If the elections were separated, the legislative election might be moved to its traditional spot on the calendar. Prior to 2008, legislative elections were held in late November or early December. I think this was done in order to avoid the late December holidays and the early January student exams. I never really cared for such an early election because it meant that the old legislature usually reconvened for a lame-duck session in January to pass lots of politically sensitive legislation – ie: stuff that voters didn’t want. Regardless, the point is that separating the elections would allow the legislative election to be held at the optimal time, whatever that might be. (I’m not sure this is possible in 2016 since the Central Election Commission has a number of procedural deadlines, but it could be a possibility in the future.)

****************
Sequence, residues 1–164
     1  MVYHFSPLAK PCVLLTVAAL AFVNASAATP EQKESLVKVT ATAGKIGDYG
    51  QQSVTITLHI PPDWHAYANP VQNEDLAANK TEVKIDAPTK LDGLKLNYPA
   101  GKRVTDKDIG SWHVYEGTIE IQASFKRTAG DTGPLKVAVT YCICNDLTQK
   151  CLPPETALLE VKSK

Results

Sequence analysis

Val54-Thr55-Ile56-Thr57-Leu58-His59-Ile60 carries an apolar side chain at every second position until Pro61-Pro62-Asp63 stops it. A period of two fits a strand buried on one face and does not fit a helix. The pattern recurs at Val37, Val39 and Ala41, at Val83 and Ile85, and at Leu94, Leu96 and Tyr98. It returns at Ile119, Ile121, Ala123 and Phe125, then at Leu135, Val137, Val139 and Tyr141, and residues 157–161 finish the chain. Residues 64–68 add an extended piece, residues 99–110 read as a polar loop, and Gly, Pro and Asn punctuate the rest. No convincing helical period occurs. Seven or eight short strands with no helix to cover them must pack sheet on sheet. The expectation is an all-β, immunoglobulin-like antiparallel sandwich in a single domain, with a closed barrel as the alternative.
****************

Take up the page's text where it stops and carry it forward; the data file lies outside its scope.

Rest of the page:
- If combined, the legislative election will be dominated by the presidential election. This has several variants:
- Media will focus entirely on the presidential contest.
- Turnout for the legislative election will be ~80% instead of ~60%.
- Small parties without a presidential candidate will be ignored.
- The party list vote will merely be a copy of the presidential vote.
- Voters will be more likely to decide their district legislative votes based on the presidential races rather than on the individual legislative candidates.
(6a) The KMT will do better in the legislative election if it is not combined.
(6b) The DPP will do better in the legislative election if it is not combined.